Welcome to Thrive 9-5, a podcast all about how you can kick ass in the office and life without feeling exhausted or overwhelmed. Each week I'm sharing simple self-care strategies, mindset hacks, and time management tips, so you can get promoted without burning yourself out. My goal is to help you create success without sacrificing your soul or your sanity. I'm your host, Celeste Harrington.
Hey, Thrivers How are you all? I am feeling pretty good myself. I was going to say that I'm feeling tired, but I had to ask myself, am I really tired? This is a personal dialogue that I'm working on is changing this thought about me being tired, which of course only makes me feel more tired because there's a difference between being physically tired, being mentally tired, and then just telling yourself you're tired.
Telling yourself you're tired will result in more tiredness, I promise. So I'm working on changing that dialogue myself. So I'm feeling pretty good. Thanks for asking, even though you didn't ask, but I'm going to tell you anyway.
So I have been asked multiple times how I get it all done. How do I have a business? How do I serve my clients? How do I continue to work full-time at my job in mental health? Yes, I still work full time. I use my calendar. Y'all, use the tools you have. I teach a pretty unique calendaring system or calendaring method that helps you get more done in less time. And I don't like giving a bunch of action-based advice, like, go do this thing, go use my calendaring method, because you have to have the appropriate mindset to follow through. So today, I'm going to go against my advice and give you action-based advice. I will give you my calendaring tools but with one caveat that there's still some mindset work you have to work on. This is why whenever you start a new exercise routine, or a new diet, or a new habit, or what have you, you usually fizzle out because maybe your motivation isn't there, or the desire to achieve that goal is gone. It's because the mindset piece is what's missing. Your mind is going to continuously change because your thoughts will continuously change. And I've always been taught that life is 50/50 so you're not always going to feel super motivated about your lifestyle change. Sometimes you're not gonna feel that great about it. And whenever you accept that you're not gonna feel that great about it, it makes it so much easier to feel motivated again because you're no longer beating yourself up for feeling like crap because feeling like crap is part of the process. It's quite simple, but we make it complicated.
So with that, I will give you these calendaring tools, but know that you're not always going to want to stick to your calendar. That is part of it. Knowing that you're going to have some resistance when you come up with particular tasks on your calendar is normal. We don't always want to do everything that we schedule for ourselves. Whenever we come up with a task that we feel some resistance towards, I will give you some steps and suggestions on how to handle that resistance. It's just going to be allowing it and accepting it. But before we get there, let's back up as to why I even share a calendaring method in the first place.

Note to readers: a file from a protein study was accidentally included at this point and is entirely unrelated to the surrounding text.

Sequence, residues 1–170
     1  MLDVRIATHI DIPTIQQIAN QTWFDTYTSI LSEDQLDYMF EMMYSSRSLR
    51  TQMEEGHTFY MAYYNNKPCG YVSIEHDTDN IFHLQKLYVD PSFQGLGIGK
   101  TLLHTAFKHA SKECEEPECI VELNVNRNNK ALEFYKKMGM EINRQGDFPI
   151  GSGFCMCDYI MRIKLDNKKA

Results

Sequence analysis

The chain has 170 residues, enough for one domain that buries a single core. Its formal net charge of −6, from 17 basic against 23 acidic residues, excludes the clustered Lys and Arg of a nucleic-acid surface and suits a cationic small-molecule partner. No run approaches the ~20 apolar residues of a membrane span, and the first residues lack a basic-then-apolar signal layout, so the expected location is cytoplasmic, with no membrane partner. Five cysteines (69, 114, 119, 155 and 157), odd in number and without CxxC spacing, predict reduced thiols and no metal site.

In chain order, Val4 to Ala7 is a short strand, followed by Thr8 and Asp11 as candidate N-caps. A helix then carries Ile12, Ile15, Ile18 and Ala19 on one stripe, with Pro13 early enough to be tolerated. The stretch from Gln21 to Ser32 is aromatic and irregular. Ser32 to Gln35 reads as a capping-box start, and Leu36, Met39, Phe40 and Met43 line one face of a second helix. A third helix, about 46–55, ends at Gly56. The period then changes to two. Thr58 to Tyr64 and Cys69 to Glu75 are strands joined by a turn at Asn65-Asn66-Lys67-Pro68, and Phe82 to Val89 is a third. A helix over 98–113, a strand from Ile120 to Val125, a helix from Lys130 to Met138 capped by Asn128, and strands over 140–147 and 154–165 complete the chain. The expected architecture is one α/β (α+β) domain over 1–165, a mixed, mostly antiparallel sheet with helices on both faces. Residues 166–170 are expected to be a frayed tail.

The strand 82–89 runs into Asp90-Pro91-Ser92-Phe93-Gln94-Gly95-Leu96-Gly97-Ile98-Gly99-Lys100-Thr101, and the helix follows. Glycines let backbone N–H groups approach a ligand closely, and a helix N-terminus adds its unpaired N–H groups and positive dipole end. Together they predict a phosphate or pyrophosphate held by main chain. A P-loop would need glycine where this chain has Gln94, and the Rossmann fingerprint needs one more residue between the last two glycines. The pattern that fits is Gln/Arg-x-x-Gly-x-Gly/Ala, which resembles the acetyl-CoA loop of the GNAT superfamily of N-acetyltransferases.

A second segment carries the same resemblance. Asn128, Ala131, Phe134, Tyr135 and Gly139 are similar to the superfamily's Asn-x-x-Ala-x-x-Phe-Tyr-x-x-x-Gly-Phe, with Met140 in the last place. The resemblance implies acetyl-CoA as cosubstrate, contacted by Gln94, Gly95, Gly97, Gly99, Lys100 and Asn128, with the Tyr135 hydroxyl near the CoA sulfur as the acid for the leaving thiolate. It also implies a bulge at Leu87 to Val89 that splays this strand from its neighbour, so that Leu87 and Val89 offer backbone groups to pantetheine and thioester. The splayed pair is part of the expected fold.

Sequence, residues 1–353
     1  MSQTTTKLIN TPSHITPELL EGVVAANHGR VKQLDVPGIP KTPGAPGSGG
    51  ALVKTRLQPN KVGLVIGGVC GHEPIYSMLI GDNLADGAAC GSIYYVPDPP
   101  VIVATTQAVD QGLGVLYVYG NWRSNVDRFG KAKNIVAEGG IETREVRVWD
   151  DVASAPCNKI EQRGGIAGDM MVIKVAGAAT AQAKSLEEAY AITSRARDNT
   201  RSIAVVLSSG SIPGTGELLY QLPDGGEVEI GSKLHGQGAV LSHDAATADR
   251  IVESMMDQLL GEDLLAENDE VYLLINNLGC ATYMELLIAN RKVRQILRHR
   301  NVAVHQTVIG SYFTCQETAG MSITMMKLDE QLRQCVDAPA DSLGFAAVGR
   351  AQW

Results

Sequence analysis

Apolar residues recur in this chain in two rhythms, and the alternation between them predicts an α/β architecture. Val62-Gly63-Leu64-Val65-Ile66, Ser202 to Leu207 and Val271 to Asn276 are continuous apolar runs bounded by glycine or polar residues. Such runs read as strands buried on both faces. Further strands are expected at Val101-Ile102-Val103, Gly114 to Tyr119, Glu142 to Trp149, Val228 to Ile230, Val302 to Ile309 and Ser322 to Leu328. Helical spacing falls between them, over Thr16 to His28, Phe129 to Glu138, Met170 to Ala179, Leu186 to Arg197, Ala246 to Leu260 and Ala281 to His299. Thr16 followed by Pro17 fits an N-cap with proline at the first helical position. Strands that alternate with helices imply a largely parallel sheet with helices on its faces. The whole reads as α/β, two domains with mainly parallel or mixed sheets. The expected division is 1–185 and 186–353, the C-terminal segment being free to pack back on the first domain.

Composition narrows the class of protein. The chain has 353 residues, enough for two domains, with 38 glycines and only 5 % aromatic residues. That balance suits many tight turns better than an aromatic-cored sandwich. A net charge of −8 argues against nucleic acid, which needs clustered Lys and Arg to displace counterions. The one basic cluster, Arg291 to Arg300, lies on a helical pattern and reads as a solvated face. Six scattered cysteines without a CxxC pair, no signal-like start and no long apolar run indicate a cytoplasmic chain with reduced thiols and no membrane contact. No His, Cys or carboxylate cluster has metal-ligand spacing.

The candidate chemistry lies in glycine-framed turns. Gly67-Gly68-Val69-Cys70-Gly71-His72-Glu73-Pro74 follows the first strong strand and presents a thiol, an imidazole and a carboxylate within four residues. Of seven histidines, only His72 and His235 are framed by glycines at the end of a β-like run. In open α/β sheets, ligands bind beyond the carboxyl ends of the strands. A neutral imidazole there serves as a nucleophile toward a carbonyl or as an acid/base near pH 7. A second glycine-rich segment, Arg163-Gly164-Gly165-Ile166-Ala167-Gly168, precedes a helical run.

So my philosophy is that to-do lists don't work. I have functioned off to-do lists for a long time. And I know a lot of people that do as well. They're usually on random ass sticky notes in your house or backs of envelopes, if you get some junk mail or a bill in the mail if you're not doing web bill pay, how dare you waste paper? But we still get random mail. So your to-do list ends up on the back of an envelope sometimes, sometimes they're in your phone. But the reason they don't work besides the fact that your to-do lists are all over the place is these lists are not organized, they're not sequential, you just add tasks as they arise and usually, they're really big overarching multi-step tasks that require a lot more time and energy than what's just listed on the note. Just listing the item on your note is vague. Usually, it's multiple steps to that task and that is why you don't end up getting things done on your to-do list for all of those reasons. They're out of order, they're vague, and they usually require multiple steps. And so what ends up happening is you cherry-pick off your to-do list the really easy things. And the reason why they're easy is that they're singular steps. For example, fold laundry. If you have laundry sitting in your dryer. This could be just one step. Or it could be two, take the clothes out to the dryer, put them on a surface, like your bed, and then fold them. So it really could be three steps. The idea, if you're catching on, is to break these steps down, so they're simple, singular steps, so your brain doesn't freak out whenever the task is to build a finance deck, and your brain is like, "Oh my god, how do I do that? I don't know. I don't even know where to get started." That's where the overwhelm comes from. You're setting yourself up for failure. You're operating off a to-do list that isn't in a singular step process. So you're kind of creating overwhelm on your own, not the task. The task of creating the finance deck isn't creating overwhelm for you, you're creating overwhelm for yourself because you're not giving your brain an easy way to digest it and get things done. So that's why it's a little bit of thought work, a little bit of mindset, so you can understand where the stress and overwhelm are coming from and how you can simplify it. It does take quite a bit of awareness.
So how do we break this down? Grab your to-do list. If you have your to-do list, we can do this right now on this podcast. Grab your to-do list and look at it. Look at how many of them are singular tasks that are easy. This will be simple, because you're like, "Oh, I can get that done, I can get this done, I can get that done." And what's left are the multi-step projects that probably feel overwhelming or things that you don't want to do. So once you have your to-do lists outlined or in front of you, I recommend getting another piece of paper or Word document on your computer, you can even do it on your phone, but I recommend getting it out in front of you at least to get this process started. It doesn't need to be this complex or broad, you just want to get started so that you can see from a big picture, from a bird's eye view, everything that you're expecting yourself to do and making it more complicated for yourself.